no comments $P: hup $J: [1 a:0 ]1 $P: [1 ö:m ]1 // flyg ti paris $J: mm / ska [2 du ha:0 ]2 en0 returbiljett $P: [2 ö:1 ]2 $P: va1 sa0 du $J: ska du ha0 en0 tur å0 retur $P: ja0 / 4 ö1 $J: // vicken månad ska du åka $P: / ja:0 typ den: ä:1 tredje fjärde april / [3 nån ]3 gång där / så0 billit [4 som möjlit ]4 $J: [3 mm ]3 $J: [4 ja0 just ]4 de0 jo / de0 ha1 ja1 aldri hört förr / de0 billiaste vi0 har e:0 air france ettusenåttahundratie / [5 plus ]5 flygplatsskatter så0 du hamnar på:a0 du kan få0 exakt vänta0 ska du se0 här vi0 gö1 såhär / ö:1 // $P: [5 a:0 ]5
no pauses and indices $P: hup $J: [ a ] $P: [ öm... ] flyg till paris $J: mm... ska [ du ha ] en returbiljett $P: [ ö ] $P: vad sa du $J: ska du ha en tur och retur $P: ja... ö $J: vilken månad ska du åka $P: ja typ den ä tredje fjärde april... [ nån gång ] där... så billigt som [ möjligt ] $J: [ mm ] $J: [ ja just ] det jo... det har jag aldrig hört förr... de billigaste vi har är air france ettusenåttahundratie... [ plus ] flygplatsskatter så du hamnar på ja du kan få exakt vänta ska du se här vi gör såhär... ö... $P: [ a ]
Typer av korpusarbete Datainsamling & transkribering –Naturlig dialog –Wizard of Oz Bearbetning –Destillering Kodning –Talakter –Dialogspel –Informationstillstånd –NP-referens, presupposition, implikatur...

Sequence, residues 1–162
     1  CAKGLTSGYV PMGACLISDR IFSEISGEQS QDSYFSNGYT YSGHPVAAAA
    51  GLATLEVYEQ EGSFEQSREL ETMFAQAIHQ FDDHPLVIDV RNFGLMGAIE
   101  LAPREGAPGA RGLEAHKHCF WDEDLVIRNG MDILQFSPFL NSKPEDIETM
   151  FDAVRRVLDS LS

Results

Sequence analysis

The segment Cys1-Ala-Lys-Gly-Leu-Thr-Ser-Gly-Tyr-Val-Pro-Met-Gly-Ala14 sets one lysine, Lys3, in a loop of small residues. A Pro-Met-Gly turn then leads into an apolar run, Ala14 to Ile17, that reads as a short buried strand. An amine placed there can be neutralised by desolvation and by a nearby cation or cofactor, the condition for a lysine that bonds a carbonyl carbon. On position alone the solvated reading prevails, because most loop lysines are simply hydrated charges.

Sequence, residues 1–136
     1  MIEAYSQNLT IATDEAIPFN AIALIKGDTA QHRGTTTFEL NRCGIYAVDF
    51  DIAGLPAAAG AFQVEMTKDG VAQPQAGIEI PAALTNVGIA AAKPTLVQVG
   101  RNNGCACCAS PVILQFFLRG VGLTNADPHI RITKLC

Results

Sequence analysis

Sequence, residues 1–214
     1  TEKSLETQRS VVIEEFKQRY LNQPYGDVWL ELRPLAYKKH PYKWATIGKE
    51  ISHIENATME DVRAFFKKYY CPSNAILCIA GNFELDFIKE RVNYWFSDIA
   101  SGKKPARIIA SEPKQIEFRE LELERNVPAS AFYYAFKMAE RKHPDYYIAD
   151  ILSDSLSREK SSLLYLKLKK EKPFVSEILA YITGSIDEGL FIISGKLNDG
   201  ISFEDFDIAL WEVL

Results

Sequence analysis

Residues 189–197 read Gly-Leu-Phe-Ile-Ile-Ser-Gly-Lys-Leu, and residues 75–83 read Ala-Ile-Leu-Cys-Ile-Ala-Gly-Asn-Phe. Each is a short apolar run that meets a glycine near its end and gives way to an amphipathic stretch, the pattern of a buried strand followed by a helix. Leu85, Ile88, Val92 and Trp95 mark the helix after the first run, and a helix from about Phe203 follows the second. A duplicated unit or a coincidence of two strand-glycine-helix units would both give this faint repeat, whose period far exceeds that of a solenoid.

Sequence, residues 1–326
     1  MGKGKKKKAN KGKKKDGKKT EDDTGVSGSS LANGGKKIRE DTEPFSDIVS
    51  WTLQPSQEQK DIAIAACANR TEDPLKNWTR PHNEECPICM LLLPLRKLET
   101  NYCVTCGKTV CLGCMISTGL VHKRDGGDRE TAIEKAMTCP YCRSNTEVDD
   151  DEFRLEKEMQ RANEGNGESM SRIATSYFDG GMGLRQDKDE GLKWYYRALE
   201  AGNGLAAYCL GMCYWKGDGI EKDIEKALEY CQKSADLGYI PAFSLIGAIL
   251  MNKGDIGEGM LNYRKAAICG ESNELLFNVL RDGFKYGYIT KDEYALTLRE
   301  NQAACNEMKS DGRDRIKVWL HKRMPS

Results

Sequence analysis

Datainsamling Naturlig M-M-dialog (människa-människa) Fejkad M-D-dialog (människa-dator) –”Wizard of Oz” M-D-dialog med dialogsystem –För vidareutveckling och felsökning
Types of dialogue corpora Human-Human –Call Home (spontaneous telephone speech) –Map Task (direction giving on a map) –Switchboard (task-oriented human-human dialogues) –Childes (child language dialogues) –Verbmobil (appointment scheduling dialogues) –TRAINS (task-oriented dialogues in railroad freight domain) –Göteborg Spoken Language Corpus (multiple activities) –ATIS (flight reservation dialogues) Human-Machine –Danish Dialogue System (57 dialogues, domestic flight reservation) –Philips (13500 dialogues, train timetable information) –Sundial (100 Wizard of Oz dialogues, British flight information)
Collecting corpora (Slide borrowed from Arne Jönsson) Natural dialogues + Natural user tasks and needs + Easy to set up - Not human-computer dialogues Wizard of Oz-dialogues
Wizard of Oz-simulations (Slide borrowed from Arne Jönsson) Wizard Subject
Collecting corpora (Slide borrowed from Arne Jönsson) Natural dialogues + Natural user tasks and needs + Easy to set up - Not human-computer dialogues Wizard of Oz-dialogues - Artificial task - Resource consuming + Computer-Human interaction
Wizard problems (Slide borrowed from Arne Jönsson) Consistency –Within dialogues –Between dialogues Computer vs human –Humans flexible — computers rigid –Humans write slow— computers are fast –Computers never do small mistakes— humans always make small mistakes